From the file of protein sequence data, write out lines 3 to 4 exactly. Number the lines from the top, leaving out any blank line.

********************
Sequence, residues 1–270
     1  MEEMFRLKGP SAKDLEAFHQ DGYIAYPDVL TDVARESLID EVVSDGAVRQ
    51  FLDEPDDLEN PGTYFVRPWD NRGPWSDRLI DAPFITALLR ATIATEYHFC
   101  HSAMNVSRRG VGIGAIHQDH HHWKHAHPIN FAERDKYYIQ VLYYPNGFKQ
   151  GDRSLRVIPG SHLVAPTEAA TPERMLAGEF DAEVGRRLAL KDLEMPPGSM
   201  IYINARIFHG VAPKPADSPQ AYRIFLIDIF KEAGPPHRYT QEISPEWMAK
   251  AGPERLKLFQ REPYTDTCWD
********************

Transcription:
    51  FLDEPDDLEN PGTYFVRPWD NRGPWSDRLI DAPFITALLR ATIATEYHFC
   101  HSAMNVSRRG VGIGAIHQDH HHWKHAHPIN FAERDKYYIQ VLYYPNGFKQ